geom_abline(linetype = 3) +
theme_bw()
```

## Animated comparison

Finally, we can replicate the previous code and compare the six models:

```
<- comparison_six %>%
roc_comparison group_by(model) %>%
roc_curve(abnormality, prob) %>% ungroup()
<- comparison_six %>%
a ggplot(aes(prob)) +
geom_density(aes(fill = abnormality), alpha = 0.4) +
geom_vline(data = roc_comparison %>% filter(.threshold != Inf) %>% filter(.threshold != -Inf),
aes(xintercept = .threshold, group = .threshold)) +
theme_bw() +
scale_fill_viridis_d() +
transition_reveal(.threshold) +
facet_wrap(~ model)
<- roc_comparison %>%
b ggplot(aes(x = (1 - specificity), y = sensitivity, group = model)) +
geom_line(aes(color = model)) +
geom_point(colour = 'red', size = 3) +
transition_reveal(sensitivity) +
geom_abline(linetype = 3) +
theme_bw()
# Code below from https://github.com/thomasp85/gganimate/wiki/Animation-Composition
<- animate(a, width = 440, height = 440)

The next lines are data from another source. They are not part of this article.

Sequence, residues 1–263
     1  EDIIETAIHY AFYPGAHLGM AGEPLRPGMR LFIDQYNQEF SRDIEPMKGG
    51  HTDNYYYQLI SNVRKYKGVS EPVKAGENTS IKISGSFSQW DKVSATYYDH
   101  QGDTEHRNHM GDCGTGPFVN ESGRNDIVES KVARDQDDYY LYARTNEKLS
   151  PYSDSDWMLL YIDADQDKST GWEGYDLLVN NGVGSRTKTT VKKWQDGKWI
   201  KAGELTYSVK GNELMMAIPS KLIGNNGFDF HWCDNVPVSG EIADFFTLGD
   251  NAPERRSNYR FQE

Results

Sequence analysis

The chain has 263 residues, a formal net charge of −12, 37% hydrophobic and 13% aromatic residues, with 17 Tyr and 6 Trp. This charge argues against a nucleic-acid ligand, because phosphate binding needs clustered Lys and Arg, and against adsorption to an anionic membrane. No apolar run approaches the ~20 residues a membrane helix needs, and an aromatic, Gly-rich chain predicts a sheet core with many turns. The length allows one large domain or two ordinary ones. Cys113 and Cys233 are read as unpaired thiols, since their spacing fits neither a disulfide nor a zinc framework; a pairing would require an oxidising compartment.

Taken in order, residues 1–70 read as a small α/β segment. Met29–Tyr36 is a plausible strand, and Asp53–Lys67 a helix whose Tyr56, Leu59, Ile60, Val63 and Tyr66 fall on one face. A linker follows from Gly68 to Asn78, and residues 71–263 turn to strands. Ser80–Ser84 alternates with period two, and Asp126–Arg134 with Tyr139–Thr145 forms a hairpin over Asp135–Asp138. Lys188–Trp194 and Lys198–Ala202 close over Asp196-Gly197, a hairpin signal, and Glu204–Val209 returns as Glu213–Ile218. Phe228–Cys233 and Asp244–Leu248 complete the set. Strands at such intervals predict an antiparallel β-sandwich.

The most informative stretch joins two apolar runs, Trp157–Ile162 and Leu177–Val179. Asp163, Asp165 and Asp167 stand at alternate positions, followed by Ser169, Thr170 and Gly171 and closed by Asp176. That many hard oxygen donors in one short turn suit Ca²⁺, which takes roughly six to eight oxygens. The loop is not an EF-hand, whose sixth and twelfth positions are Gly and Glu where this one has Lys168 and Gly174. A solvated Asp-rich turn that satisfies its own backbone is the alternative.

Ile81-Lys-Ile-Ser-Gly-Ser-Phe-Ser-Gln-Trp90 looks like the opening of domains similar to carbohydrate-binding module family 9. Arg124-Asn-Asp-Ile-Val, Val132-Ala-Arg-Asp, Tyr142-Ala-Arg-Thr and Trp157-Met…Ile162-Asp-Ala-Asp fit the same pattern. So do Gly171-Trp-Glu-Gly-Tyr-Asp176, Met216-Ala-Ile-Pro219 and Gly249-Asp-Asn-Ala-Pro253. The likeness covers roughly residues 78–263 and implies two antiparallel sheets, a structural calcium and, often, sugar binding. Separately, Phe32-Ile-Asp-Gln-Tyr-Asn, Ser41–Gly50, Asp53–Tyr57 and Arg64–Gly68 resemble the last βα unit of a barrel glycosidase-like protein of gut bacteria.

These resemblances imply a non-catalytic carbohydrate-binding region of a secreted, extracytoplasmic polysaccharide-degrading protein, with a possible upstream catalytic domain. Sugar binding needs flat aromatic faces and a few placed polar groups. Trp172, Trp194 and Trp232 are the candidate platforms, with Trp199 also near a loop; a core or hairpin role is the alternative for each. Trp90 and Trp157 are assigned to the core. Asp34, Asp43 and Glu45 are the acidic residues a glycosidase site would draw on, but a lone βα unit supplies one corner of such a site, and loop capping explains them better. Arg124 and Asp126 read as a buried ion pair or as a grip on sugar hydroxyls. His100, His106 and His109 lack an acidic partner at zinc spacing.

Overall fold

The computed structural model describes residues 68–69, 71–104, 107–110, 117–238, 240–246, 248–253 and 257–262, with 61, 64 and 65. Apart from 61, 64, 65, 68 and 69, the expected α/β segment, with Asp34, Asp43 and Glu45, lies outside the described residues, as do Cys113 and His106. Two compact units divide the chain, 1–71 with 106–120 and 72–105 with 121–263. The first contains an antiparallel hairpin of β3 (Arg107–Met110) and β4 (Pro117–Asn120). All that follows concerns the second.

a_gif <- animate(b, width = 440, height = 440) b_gif
```

```
geom_path: Each group consists of only one observation. Do you need to adjust
the group aesthetic?
geom_path: Each group consists of only one observation. Do you need to adjust
the group aesthetic?
```

```
<- image_append(c(a_gif[1], b_gif[1]))
new_gif for(i in 2:100){
<- image_append(c(a_gif[i], b_gif[i]))
combined <- c(new_gif, combined)
new_gif
} new_gif
```

## Notes

[1] The package `yardstick`

as many other packages use the first level of the response variable factor as the “event”. Therefore, the probability output determines how likely an observation belongs to the *first level of the factor* of the response variable. This behavior can be changed in the `yardstick`

package global options.

[2] The default output has a logit scale and needs to be transformed first to a probability value. This can be done automatically if we specify in the function `predict`

the argument **type** as *prob*.

[3] Apart from tree decisions, linear models can be also used in gradient boosting.

[4] Because of this reason, ROC curves might not be appropriate to evaluate the performance of models on small test sets.